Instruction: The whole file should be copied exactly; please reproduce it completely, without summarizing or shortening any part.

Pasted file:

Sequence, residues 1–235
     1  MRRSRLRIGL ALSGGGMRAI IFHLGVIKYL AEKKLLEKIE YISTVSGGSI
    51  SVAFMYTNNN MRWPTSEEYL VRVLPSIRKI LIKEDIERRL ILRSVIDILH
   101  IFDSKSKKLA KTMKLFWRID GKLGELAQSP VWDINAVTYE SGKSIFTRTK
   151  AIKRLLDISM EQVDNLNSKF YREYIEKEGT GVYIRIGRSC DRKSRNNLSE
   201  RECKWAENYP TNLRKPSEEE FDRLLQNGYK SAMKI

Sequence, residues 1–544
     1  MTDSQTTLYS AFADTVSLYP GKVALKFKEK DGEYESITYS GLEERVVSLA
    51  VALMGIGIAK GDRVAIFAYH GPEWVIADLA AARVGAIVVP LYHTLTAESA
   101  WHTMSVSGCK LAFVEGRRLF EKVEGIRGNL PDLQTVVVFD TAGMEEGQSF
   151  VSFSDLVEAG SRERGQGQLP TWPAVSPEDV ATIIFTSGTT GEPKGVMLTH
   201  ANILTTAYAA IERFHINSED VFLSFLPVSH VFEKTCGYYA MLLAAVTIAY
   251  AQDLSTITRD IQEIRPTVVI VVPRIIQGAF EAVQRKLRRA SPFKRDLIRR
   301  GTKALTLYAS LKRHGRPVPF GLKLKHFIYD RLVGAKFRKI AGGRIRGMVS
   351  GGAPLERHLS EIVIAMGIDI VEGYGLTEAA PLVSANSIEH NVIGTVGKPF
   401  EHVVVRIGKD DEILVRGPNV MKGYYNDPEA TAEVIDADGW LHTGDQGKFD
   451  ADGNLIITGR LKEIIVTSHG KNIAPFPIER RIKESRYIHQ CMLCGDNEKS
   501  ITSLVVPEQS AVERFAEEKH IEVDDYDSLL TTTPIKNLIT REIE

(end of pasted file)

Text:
Sequence, residues 1–235
     1  MRRSRLRIGL ALSGGGMRAI IFHLGVIKYL AEKKLLEKIE YISTVSGGSI
    51  SVAFMYTNNN MRWPTSEEYL VRVLPSIRKI LIKEDIERRL ILRSVIDILH
   101  IFDSKSKKLA KTMKLFWRID GKLGELAQSP VWDINAVTYE SGKSIFTRTK
   151  AIKRLLDISM EQVDNLNSKF YREYIEKEGT GVYIRIGRSC DRKSRNNLSE
   201  RECKWAENYP TNLRKPSEEE FDRLLQNGYK SAMKI

Sequence, residues 1–544
     1  MTDSQTTLYS AFADTVSLYP GKVALKFKEK DGEYESITYS GLEERVVSLA
    51  VALMGIGIAK GDRVAIFAYH GPEWVIADLA AARVGAIVVP LYHTLTAESA
   101  WHTMSVSGCK LAFVEGRRLF EKVEGIRGNL PDLQTVVVFD TAGMEEGQSF
   151  VSFSDLVEAG SRERGQGQLP TWPAVSPEDV ATIIFTSGTT GEPKGVMLTH
   201  ANILTTAYAA IERFHINSED VFLSFLPVSH VFEKTCGYYA MLLAAVTIAY
   251  AQDLSTITRD IQEIRPTVVI VVPRIIQGAF EAVQRKLRRA SPFKRDLIRR
   301  GTKALTLYAS LKRHGRPVPF GLKLKHFIYD RLVGAKFRKI AGGRIRGMVS
   351  GGAPLERHLS EIVIAMGIDI VEGYGLTEAA PLVSANSIEH NVIGTVGKPF
   401  EHVVVRIGKD DEILVRGPNV MKGYYNDPEA TAEVIDADGW LHTGDQGKFD
   451  ADGNLIITGR LKEIIVTSHG KNIAPFPIER RIKESRYIHQ CMLCGDNEKS
   501  ITSLVVPEQS AVERFAEEKH IEVDDYDSLL TTTPIKNLIT REIE